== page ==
Euphoria like I will never know

Lynn Dollar

TVWBB Wizard

Lynn Dollar

TVWBB Wizard
And these fellas, wow ........ cloud fricken 9 .... and compared to treatment at other Japanese POW camps, these fellas look pretty healthy

On August 29, 1945, photographer John Swope, aboard a U.S. Navy landing craft, snapped a photo of men in a Japanese prison camp the Navy had come to liberate. The POWs told him that the constant humiliation and fear of physical abuse was more oppressive than the punishment itself. After describing the brutality of some guards, prisoners made a point of introducing Swope to the guards who were kind to them. (National Archives)


TVWBB Olympian
I am sure it was a happy time. One of my 2 uncles who was on an LST was going to be assigned to the invasion had it happened. Oddly though he always said he felt we should not have dropped the bombs. He felt they were ready to give up anyway and did not want to risk invasion. I never wanted to argue the point with him. He was there and had WAY more on the line than many.

Brad Olson

TVWBB Gold Member
I'd love to know the technical details of those photos. From what I could quickly find it appears John Swope used a Leica for at least some of his work.
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TVWBB Olympian
I still remember celebrating both VJ day and VE day as a kid. In Chicago they would ring the air raid sirens in commemoration, flags were flown and the times were acknowledged. Now when I speak to younger people they look at me like I have 2 heads. They just don't get what the Greatest Generation did for us
VJ Day, 1945 ............ I can't imagine this kind of happiness. The soldiers and airmen went from fearing death constantly to sheer joy and relief.

My mother and father both served in the armed forces during that time.

Dad was in the Pacific Theater of Operations in country on Guadalcanal. He was a man of few words. I remember one time asking him when I was young if he ever killed someone. His response (while never actually answering the question) was, words to the effect: "it was either me or them." I knew what that meant. It was one of the few times I saw him well up. I never raised questions of his time in the war ever again. I knew from the way that he lived his life that he made his peace with his God.

The soldiers and Marines in the Pacific knew what was inevitable. Dad would relate that he was grateful for Truman's decision. Had an invasion of Japan taken place, he felt he would not have survived. Some folks say it was a wrong decision, but my father believed that it brought a swift end to the conflict and is why he was able to return home.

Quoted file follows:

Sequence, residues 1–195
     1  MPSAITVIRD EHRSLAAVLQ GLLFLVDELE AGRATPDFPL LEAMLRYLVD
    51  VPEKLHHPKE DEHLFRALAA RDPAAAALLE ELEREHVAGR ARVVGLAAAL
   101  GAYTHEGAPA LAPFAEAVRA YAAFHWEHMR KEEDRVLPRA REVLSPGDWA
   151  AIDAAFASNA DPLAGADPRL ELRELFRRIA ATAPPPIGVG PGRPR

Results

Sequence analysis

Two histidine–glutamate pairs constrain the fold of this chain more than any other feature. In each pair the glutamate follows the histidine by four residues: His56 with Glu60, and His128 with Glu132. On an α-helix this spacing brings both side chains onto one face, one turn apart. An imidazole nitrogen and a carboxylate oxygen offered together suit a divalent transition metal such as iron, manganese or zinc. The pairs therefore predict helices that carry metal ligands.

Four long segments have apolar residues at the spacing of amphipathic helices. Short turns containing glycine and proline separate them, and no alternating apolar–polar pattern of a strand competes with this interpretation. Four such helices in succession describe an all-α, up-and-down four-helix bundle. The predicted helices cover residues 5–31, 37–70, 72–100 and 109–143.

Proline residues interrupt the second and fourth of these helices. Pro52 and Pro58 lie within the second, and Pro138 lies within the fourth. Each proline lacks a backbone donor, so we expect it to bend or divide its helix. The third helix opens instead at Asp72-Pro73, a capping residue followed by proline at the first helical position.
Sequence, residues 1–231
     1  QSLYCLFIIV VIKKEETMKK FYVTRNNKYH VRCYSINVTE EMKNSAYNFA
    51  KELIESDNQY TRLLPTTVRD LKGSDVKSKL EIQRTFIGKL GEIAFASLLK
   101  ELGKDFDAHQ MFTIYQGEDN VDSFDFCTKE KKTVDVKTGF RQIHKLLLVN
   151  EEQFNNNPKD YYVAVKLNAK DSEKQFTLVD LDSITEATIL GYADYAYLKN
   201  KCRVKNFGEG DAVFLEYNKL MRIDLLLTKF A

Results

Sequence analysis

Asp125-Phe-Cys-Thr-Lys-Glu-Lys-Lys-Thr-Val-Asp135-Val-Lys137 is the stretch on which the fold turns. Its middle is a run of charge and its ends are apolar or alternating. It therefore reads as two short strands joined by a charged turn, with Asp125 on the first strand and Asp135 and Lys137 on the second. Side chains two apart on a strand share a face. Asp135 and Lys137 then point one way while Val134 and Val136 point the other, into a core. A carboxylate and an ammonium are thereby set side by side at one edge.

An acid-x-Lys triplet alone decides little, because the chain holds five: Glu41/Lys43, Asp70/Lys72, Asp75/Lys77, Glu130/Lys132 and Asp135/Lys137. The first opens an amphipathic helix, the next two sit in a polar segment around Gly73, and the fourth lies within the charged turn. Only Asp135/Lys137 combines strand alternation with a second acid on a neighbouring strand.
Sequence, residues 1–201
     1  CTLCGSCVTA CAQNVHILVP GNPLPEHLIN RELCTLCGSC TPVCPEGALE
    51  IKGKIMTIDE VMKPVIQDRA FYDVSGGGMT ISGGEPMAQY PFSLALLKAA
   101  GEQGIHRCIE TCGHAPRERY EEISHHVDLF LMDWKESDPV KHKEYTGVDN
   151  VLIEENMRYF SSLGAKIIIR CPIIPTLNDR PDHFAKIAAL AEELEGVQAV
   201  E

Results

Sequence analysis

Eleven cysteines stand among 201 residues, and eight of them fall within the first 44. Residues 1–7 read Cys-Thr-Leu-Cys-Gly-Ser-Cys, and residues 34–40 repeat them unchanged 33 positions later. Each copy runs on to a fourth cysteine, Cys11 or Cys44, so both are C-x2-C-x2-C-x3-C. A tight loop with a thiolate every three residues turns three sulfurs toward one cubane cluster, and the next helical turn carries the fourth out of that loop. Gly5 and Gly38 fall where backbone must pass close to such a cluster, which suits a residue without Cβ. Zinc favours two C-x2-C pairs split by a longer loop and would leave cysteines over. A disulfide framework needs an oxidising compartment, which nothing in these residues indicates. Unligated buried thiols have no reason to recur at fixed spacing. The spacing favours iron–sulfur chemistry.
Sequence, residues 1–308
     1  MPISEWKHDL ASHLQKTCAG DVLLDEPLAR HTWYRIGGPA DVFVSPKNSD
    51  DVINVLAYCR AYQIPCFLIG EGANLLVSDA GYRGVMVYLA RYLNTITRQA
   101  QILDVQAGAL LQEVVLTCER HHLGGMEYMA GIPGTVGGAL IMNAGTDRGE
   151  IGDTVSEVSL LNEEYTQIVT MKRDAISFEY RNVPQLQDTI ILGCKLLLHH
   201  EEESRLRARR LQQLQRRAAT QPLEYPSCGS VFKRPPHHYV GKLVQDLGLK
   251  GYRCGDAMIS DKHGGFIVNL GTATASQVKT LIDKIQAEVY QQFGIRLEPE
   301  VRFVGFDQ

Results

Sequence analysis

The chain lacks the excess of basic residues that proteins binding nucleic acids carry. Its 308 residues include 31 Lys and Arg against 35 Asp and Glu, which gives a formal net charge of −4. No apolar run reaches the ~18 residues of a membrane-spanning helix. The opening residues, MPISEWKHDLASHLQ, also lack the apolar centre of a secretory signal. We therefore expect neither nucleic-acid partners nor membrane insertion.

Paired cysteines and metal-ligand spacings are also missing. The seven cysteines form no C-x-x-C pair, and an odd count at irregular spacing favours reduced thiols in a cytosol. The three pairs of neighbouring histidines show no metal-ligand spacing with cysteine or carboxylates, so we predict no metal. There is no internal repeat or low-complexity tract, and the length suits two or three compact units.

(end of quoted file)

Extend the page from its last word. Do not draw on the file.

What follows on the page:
Dad did not smoke nor drink when I knew him growing up, but he would pour one and have a cigar on out back porch in New Jersey every Memorial Day in remembrance of his comrades who did not come back.

I am so proud of both my parents who served. They were children of the Depression that fought when they were called upon and came home to raise a family and live the American Dream.

I do not know if Dad experienced happiness on VJ day, but I am certain it was relief with a certain amount of joy.

Lynn Dollar

TVWBB Wizard
My Dad was complicated.

He talked about the war, but did not boast nor brag or find glory in what he did. He would talk about the experience. And going from a depression era farm , 8 miles north of Seminole, Oklahoma to Picadilly Circus, to Stalag 17 near Krems, Austria ............ that's a long trip.

He would flat out reject being called a hero. Said he did what millions of others did, no more, no less. And I think that's a point that got lost on those of us who did not live in that era ............ everybody served. It was the exception to not serve.

Dad was drafted. And I found a long letter my Grandad wrote to the local draft board trying to get Dad a deferment because he was needed on the farm. Its not like they were filled with patriotic fervor on the farm. Two of Dad's older brothers had already gotten deferments and another brother was serving.

And Dad could've gotten through the war without getting shot at, he was sent to mechanic school and became a certified B-25 mechanic. But he volunteered for aerial gunnery school and ended up as a Ball Turret Gunner on a B-17. He never told me that. I've found that in his records and momentos.

He was not anti-war. But he was not pro-war either. He saw war as something that had to be done. Initially, he supported the Vietnam War, but became opposed to it as it dragged on. He said either commit the full power of our military to winning the war and getting it over with ..... or get out.

About mid 70's, I was home for the weekend. Dad always stayed up for the 10 oclock ( CDT ) news. Saturday night after the sports, the late movie came on and it was ' Slaughterhouse 5 " , movie made from Kurt Vonnegut's book that the anti-war crowd of the 1960's fawned over. It's largely about the bombing of Dresden. I expected Dad to become disgusted and get up to go to bed, but he and I stayed up to watch the entire movie together. And that pretty much summed up Dad, his view on war was complicated.